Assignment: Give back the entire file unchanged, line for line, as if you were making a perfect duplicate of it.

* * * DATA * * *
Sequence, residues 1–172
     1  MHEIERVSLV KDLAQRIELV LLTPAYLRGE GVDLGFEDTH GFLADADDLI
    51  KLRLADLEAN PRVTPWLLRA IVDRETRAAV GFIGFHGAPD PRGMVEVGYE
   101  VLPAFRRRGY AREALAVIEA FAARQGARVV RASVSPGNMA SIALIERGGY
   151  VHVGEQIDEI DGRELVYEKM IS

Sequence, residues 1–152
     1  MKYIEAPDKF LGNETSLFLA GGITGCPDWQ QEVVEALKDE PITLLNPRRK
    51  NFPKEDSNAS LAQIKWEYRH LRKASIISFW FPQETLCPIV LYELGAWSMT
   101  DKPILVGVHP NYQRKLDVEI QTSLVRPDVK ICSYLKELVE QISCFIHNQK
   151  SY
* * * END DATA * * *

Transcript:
Sequence, residues 1–172
     1  MHEIERVSLV KDLAQRIELV LLTPAYLRGE GVDLGFEDTH GFLADADDLI
    51  KLRLADLEAN PRVTPWLLRA IVDRETRAAV GFIGFHGAPD PRGMVEVGYE
   101  VLPAFRRRGY AREALAVIEA FAARQGARVV RASVSPGNMA SIALIERGGY
   151  VHVGEQIDEI DGRELVYEKM IS

Sequence, residues 1–152
     1  MKYIEAPDKF LGNETSLFLA GGITGCPDWQ QEVVEALKDE PITLLNPRRK
    51  NFPKEDSNAS LAQIKWEYRH LRKASIISFW FPQETLCPIV LYELGAWSMT
   101  DKPILVGVHP NYQRKLDVEI QTSLVRPDVK ICSYLKELVE QISCFIHNQK
   151  SY